It is only in his final conclusion that Carhartt turns to the subject of investment costs and the famous conclusion that appears to be the most remembered of the three. But we need to understand Carhartt’s conclusion within the context of the times when the research was first conducted. In the early-to-mid 1990’s, many load funds were still aggressively marketed and, when funds didn’t have loads, 12b-1 fees ruled the day. Carhartt included these, as well as the fund’s turnover ratio and expense ratio, as part of the investment cost.

More recent research (see “Does New Study Seal the Deal for Fiduciary Standard – or Just Warn Plan Sponsors?, January 19, 2011) shows if you remove loads and 12b-1 fees, actively managed funds perform just as well as the index. This fact may have been missed in the Fortune article. David Abbey, Senior Counsel of Pension Regulation at the ICI, told, “We believe some critics are underestimating American investors and savers. The truth is, ICI research shows that 401(k) participants have concentrated their assets in lower-cost mutual funds.” More specifically, a 2011 ICI report shows that not only are 401k investors invested in funds with lower expense ratios, but also in funds without loads and with lower turnover ratios – the three key factors contributing to investment cost in Carhartt’s study. Another ICI report shows nearly three-quarters of today’s 401k plans pay no 12b-1 fees.

This is not to say some 401k plans don’t have problems. Even the ICI’s numbers suggest nearly one in four 401k plans (i.e., those using funds with load fees or 12b-1 fees) could be paying fees they don’t need to. This, however, is not an issue with the 401k concept, but with plan sponsors who have not properly educated themselves as to their fiduciary duties. Some may also fault the DOL for failing to penalize these plan sponsors, but since the new Fee Disclosure Rule now places the responsibility for disclosure squarely on the shoulders of the plan sponsor, an argument can be made the DOL is moving in the right direction.

Which gets us back to the original issue: Are 401k plan sponsors being misled by an undue emphasis on mutual fund expense ratios (as opposed to loads and 12b-1 fees)? The DOL has been careful to warn plan sponsors not to merely go to the lowest cost provider. Unfortunately, the Fortune article quotes Moody’s as saying, “disclosures would ‘put downward pressure on fees and may prompt retirement plan sponsors to opt for lower-cost investment products, including greater use of index funds.’” This is precisely what the DOL has warned against, since, as evidenced in the first decade of the new millennium, (see “Does the ‘Lost Decade’ Signal the End of Passive Investing?, January 5, 2010), “low-cost” index funds did not offer the investment return value of the “high-cost” actively managed funds.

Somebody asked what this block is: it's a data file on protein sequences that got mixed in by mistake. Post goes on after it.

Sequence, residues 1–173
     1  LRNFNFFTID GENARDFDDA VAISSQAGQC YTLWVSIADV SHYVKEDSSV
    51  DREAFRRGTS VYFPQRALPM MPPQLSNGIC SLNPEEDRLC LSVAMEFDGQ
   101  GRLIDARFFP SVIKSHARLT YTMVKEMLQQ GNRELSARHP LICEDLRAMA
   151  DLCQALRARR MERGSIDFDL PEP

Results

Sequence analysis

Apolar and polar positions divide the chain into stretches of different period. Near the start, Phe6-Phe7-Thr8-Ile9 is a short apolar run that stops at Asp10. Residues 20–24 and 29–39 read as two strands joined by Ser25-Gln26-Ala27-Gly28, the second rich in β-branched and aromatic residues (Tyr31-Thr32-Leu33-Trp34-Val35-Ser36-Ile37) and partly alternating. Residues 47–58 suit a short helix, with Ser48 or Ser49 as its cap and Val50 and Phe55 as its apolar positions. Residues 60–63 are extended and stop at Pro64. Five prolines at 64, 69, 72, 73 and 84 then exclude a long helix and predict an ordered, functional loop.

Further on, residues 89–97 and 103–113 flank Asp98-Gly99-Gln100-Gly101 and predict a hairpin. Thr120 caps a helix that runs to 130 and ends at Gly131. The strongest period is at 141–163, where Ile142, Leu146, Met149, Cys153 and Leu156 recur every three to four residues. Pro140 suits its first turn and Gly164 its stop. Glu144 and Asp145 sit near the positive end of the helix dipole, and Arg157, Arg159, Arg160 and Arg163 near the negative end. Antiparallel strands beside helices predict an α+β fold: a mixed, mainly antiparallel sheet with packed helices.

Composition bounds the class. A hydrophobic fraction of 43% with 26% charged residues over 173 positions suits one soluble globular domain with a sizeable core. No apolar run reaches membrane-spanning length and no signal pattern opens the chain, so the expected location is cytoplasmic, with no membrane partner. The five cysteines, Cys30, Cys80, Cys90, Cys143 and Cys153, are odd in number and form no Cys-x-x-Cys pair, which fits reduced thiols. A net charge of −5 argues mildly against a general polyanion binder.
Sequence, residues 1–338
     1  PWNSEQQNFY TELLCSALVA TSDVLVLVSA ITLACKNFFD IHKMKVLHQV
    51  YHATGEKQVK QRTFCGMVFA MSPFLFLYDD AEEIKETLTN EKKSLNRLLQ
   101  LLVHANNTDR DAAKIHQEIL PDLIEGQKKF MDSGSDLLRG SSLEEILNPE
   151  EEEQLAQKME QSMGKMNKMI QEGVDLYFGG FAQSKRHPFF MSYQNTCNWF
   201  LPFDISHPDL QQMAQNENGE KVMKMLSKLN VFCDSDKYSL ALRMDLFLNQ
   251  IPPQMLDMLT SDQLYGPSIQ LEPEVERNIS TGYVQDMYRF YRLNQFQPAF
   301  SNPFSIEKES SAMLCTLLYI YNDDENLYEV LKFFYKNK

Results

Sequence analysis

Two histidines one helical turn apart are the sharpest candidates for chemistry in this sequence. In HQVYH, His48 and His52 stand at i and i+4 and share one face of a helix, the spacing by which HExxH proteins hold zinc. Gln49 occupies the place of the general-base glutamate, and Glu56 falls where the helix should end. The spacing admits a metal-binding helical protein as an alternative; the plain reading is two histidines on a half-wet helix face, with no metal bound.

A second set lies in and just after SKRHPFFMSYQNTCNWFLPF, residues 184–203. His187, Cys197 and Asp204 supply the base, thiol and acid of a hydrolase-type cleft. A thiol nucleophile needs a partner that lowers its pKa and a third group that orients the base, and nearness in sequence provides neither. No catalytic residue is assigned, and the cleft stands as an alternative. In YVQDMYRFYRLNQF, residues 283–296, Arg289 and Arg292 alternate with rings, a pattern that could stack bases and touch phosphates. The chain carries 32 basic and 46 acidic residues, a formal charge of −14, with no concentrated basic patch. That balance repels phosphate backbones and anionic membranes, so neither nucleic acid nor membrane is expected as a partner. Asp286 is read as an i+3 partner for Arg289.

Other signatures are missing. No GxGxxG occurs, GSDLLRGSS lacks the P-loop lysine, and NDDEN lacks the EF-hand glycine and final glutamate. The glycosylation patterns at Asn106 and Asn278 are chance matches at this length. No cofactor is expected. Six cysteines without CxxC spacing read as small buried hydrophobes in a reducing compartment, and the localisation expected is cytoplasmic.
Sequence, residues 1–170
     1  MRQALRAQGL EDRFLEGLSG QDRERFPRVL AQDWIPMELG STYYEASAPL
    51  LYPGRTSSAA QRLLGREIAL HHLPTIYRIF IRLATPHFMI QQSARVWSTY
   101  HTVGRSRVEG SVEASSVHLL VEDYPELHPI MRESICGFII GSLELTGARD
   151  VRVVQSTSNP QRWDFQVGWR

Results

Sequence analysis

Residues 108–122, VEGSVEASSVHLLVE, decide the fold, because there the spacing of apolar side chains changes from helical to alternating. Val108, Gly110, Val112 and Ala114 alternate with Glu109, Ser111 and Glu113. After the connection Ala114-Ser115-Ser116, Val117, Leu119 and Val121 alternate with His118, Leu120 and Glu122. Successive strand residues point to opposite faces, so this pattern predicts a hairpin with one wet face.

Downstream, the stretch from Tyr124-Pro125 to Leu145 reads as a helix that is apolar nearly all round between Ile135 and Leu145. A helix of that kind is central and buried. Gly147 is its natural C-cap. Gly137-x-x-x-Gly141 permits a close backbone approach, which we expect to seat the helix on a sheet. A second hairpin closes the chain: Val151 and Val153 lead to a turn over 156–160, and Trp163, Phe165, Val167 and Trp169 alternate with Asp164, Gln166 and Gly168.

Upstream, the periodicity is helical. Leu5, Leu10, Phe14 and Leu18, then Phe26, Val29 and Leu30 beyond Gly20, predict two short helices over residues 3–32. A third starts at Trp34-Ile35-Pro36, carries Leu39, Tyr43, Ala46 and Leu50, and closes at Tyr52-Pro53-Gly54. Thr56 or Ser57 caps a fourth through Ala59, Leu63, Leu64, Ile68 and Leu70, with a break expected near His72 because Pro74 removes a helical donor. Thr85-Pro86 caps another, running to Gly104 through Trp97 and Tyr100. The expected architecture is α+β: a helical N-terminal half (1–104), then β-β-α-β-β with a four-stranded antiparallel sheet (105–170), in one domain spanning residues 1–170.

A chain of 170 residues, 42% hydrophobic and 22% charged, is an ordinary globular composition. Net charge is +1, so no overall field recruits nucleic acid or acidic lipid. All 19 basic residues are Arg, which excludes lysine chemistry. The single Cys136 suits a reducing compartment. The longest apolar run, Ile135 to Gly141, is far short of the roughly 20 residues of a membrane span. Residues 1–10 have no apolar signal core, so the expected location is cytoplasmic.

Perhaps it’s best if we avoid chasing the wild goose of mutual fund expense ratios and focus instead on more productive pursuits.

As the ICI’s Abbey says, “The new disclosure rules do not change how mutual fund expense ratios are calculated. Instead, they require that non-mutual fund products provide the types of disclosures that mutual funds have always provided. In this respect, the primary benefit of the new disclosure rules will be to improve the uniformity of disclosures across the service and investment provider communities thereby making it easier for plan sponsors and investors to make comparisons – something that the mutual fund industry strongly supports.”

Any talk of mutual fund expense ratios only diverts attention away from the true issue at hand – what are the true costs of those non-mutual fund products that make up nearly half of all 401k investments? Answering this question and exposing the worst ought to win some investigative reporter a Pulitzer.

Interested in learning more about this and other important topics confronting 401k fiduciaries? Explore Mr. Carosa’s new book 401(k) Fiduciary Solutions and discover how to solve those hidden traps that often pop up in 401k plans.

About Author

Christopher Carosa, CTFA

Christopher Carosa, CTFA


  1. Steven J Fromm
    Steven J Fromm July 06, 15:44

    Great article about a little understood area. Very informative. It seems the whole point of this is to protect the investing public from high and hidden fees as most are not able to discern or dig deep enough to see these hidden fees. Great job Christopher.

  2. Lynne McAuley
    Lynne McAuley July 14, 19:37

    I agree with your conclusions that it is more than just expense ratios that people have to pay attention to. And as you point out, DOL is not saying pick the fund with the lowest fee but to be aware of what is being paid and why. High turnover costs are much more problemmatic in my opinion.